As I look at the year ahead and what it means for the independent processor, the outlook continues to be promising. AAMP members, as well as others in the industry, report sustained business growth and more opportunities on the horizon. There are certainly challenges to maintaining this growth and being able to provide customers with the continued quality products they expect, but I trust small processors are up to the task.
Below are some of the specific items I see in the industry for the coming year.
Business has been flowing back to the small processor for the last five years or more and I don’t see that changing. Some processors have experienced ups and downs, but for the most part, everyone has all the business they can handle and more at the moment. One area that continues to see growth among independent processors is co-packing products for other companies. Many AAMP members have seen this area of their business continue to grow. The business comes mainly from small start-up companies looking for a way to grow their business without expanding their facility. Larger companies are also using co-packing to offer a new product line; they find they can often get to market faster by using a company that is already equipped to make the product. The independent processor is known for the quality of products he or she makes, and this is what keeps the customers and businesses coming back.
Regulatory issues will continue to be a focus for AAMP moving forward as several possible changes are coming that could greatly impact processors and how they make their products. The first issue is FSIS’s latest version of Appendix A & B. This work has been a few years in progress now. The industry and FSIS have worked together to attempt to create a document that addresses food safety issues but is also practical for processors to use. Our industry working groups continue to do research relevant to these documents and not all of that effort will be completed before FSIS releases the new document; however, I believe that the scientific results will warrant modifications and that there will be beneficial changes to the documents in the future.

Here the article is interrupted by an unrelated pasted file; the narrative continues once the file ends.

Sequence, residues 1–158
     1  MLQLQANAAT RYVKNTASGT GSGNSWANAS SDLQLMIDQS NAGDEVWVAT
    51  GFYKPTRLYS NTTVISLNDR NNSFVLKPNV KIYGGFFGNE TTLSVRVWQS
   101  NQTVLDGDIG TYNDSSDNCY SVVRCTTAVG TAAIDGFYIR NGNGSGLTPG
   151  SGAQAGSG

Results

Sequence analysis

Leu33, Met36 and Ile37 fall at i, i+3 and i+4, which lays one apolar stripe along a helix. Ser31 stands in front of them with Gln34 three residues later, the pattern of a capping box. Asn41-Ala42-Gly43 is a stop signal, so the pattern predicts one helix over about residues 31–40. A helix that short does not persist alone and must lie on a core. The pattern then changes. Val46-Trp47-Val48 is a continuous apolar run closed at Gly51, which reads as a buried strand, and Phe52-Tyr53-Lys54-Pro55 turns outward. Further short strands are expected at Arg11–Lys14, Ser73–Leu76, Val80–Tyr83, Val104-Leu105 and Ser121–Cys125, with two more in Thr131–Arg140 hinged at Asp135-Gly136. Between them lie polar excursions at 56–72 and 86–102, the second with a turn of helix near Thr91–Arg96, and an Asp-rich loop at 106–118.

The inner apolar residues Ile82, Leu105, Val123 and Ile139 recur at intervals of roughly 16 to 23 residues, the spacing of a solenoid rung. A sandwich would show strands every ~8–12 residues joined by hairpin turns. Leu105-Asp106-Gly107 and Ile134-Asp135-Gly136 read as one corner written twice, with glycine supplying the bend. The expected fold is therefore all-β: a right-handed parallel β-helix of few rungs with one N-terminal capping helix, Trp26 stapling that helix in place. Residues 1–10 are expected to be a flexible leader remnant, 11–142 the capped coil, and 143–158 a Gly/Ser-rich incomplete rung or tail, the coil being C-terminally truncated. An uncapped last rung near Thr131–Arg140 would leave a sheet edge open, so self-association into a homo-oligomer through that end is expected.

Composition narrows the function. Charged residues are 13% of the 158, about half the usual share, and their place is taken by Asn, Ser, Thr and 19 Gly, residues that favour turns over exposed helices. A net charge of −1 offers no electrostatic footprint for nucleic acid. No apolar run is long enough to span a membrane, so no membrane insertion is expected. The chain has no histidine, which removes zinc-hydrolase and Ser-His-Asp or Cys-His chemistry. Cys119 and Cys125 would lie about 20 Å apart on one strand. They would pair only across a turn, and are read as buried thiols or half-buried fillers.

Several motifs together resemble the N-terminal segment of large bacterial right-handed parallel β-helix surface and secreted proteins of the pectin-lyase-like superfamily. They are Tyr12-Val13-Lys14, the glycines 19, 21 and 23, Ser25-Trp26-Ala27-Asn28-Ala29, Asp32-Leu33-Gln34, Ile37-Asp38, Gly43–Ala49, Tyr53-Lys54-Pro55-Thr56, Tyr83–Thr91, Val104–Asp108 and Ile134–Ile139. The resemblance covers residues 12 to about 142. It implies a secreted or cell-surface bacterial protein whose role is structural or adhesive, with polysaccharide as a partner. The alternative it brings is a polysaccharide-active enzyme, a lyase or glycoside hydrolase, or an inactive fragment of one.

We are also looking for a change in the humane handling regulations that will allow for more common sense to be used when dealing with incidents, such as mis-stuns on the kill floor. We are at a crisis point for small farmers and processors as we do not have enough capacity to slaughter the number of animals being produced under inspection. Many medium and small processors have closed their slaughter floors after growing tired of the enforcement of the regulation.
Probably the biggest challenge facing processors in 2020 is the lack of not only qualified workers, but workers in general. Hiring and retaining employees in our industry has always been an issue, but it is even more challenging now. As we maintain a decent economy, there are a lot more jobs for people to choose from. It can be a challenge to find a way to entice people to come and work in a processing plant. This topic has been the focus of many conversations I have had with processors all over the country. How much do you pay? What kind of benefits do you give? What are today’s employees looking for? Processors will need to get creative in what they do to hire and retain employees and I am confident that they will; their business depends on it.